Fabulous hats, and a trick, for tea

Abby & Elle Upstairs Fashion & Design spring hatsBy Elle

Hat shopping ranks close to the top as a delightful distraction in my book, especially when life feels too fast-paced, which is almost always. So a couple of weekends ago, two of my friends, Sultana and Amy, and I spent a recent morning at my favorite millinery, Studio St. Marie in Rocky River, to find spring hats for a tea party.

We had the best time trying on all the latest creations along with some vintage beauties (folks of yore had smaller heads, and, without fail, those hats fit my tiny skull just right). We each found a hat or headpiece to take home, and soon we’ll be making plans for a tea party. Continue reading

Hats: A Mad Good Time!

By Abby and Elle

We love hats, but Abby’s the lucky one because hats (seriously, like all hats, even army helmets) look like they were made just for her. Elle, on the other hand, has a surprisingly small head, so unless she’s wearing a hat designed for a toddler, it immediately falls down over her eyes. We’re not kidding.

So in an attempt to find the perfect (adult) hat for Elle — and to see what this hat business is all about — we, along with some old friends and new friends, ventured out to Studio St. Marie in Rocky River, which is owned by Lee St. Marie. We share what we saw and what we learned below!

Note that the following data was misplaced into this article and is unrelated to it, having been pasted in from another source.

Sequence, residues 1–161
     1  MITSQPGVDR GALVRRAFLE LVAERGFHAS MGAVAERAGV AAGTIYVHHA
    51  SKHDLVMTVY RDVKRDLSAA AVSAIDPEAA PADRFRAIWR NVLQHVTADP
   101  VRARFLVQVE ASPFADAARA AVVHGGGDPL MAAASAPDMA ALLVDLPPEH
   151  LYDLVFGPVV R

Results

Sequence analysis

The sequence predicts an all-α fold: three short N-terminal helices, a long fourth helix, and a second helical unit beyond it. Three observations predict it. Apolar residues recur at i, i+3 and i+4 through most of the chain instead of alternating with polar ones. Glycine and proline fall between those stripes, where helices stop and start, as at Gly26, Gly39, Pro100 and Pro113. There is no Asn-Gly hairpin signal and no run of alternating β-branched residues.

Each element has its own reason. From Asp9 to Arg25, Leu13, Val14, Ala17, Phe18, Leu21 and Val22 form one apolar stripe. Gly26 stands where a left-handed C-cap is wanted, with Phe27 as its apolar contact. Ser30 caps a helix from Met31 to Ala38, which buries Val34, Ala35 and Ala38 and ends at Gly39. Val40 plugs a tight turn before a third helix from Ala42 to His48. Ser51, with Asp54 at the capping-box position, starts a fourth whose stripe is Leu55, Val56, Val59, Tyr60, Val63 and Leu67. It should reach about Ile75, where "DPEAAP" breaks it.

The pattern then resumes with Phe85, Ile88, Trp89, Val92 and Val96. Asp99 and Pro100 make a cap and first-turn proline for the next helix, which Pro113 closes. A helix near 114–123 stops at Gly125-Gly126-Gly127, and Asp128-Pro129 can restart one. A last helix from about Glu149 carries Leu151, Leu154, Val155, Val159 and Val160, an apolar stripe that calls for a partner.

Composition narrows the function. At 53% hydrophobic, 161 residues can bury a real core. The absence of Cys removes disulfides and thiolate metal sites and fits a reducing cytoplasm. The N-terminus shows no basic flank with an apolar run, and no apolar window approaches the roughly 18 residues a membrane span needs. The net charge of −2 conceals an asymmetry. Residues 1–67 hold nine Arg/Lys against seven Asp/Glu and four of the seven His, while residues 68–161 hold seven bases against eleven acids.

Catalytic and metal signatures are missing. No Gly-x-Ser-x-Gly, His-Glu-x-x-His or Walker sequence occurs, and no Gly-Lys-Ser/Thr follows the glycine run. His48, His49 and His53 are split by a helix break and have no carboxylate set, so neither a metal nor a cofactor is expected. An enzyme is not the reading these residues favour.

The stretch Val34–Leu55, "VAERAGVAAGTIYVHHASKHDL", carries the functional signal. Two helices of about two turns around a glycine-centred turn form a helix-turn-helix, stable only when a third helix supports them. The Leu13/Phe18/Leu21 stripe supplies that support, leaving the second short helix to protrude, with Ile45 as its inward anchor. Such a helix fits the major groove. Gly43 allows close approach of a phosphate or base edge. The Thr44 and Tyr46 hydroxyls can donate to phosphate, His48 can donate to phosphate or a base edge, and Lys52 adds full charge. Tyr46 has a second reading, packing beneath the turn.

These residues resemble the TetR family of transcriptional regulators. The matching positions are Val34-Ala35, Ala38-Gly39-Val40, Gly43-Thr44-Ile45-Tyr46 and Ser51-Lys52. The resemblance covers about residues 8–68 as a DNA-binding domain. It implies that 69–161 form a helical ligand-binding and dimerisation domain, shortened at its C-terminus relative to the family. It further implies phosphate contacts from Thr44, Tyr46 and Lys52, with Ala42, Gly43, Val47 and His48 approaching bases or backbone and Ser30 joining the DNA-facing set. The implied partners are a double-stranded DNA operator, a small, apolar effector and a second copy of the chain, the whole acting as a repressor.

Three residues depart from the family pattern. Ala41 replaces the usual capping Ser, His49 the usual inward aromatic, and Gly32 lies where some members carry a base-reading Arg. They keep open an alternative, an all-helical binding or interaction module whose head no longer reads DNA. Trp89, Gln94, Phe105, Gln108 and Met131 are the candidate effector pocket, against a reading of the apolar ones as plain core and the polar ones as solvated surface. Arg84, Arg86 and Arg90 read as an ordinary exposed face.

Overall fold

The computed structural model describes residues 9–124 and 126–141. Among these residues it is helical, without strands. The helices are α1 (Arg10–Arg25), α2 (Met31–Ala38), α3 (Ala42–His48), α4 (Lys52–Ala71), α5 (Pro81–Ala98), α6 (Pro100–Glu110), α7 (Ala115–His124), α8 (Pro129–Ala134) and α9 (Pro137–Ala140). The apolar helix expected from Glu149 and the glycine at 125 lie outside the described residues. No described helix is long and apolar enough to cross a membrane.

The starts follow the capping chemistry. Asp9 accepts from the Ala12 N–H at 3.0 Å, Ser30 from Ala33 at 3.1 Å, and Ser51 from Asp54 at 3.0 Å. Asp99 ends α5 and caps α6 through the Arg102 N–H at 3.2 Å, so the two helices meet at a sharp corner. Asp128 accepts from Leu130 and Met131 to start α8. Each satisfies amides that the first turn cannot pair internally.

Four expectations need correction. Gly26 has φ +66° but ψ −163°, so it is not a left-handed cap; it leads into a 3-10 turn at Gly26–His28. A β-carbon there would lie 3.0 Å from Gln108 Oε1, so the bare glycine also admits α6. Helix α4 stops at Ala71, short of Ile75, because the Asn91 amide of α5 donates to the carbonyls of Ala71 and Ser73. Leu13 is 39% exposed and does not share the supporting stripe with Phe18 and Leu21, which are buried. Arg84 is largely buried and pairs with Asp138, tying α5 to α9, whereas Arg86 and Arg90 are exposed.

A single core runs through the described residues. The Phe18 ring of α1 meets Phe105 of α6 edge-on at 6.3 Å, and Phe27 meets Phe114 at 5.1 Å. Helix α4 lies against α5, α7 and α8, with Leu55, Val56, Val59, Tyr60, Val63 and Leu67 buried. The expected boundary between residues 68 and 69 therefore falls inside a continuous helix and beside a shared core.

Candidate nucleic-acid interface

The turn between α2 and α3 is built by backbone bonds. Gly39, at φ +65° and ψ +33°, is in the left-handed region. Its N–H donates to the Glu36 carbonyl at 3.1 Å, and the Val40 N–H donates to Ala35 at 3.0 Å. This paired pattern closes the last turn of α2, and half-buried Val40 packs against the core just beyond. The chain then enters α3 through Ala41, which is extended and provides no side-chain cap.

PS: Elle bought the grey cloche.

PPS: Leave us a comment and let us know which hat is your favorite!

Continue reading

Soy Suits

By Abby and Elle

Last week we wrote about clothing made from hemp, and we promised to follow up with clothing made from soybeans. And, wow, is soy an amazing plant; it just might have more uses than hemp.

You can eat soy in a variety of forms, from edamame and soy sausage to tofu noodles (which, by the way, are super low in calories — yum!). But tofu clothing, really? Well, not tofu exactly; rather, soybean fibers, a natural by-product of food production.

Here’s what’s so great about soy clothing: Depending on how it’s woven, it can feel like cotton or cashmere. Clothing made from soy better protects you from UV rays, is more absorbent and dries faster than cotton. Soy clothing never shrinks or wrinkles, and never needs dry cleaning — a plus for the environment and your health.

Though there aren’t many shops that carry soy clothing, we uncovered some funky styles, below, from FairiesDance.com. Also, a quick search on Etsy turned up some winning styles — too many to show!

Soy Tank

Soy Tank from FairiesDance.com


Soy jumper from FairiesDance.com

Peek-a-Boo Top

Soy peek-a-boo top from FairiesDance.com

Stay tuned for a post on fall hats. We’re paying a visit to Studio St. Marie in Rocky River to try on new hats and vintage hats that have been restyled, which is almost as good as being crafted from soy.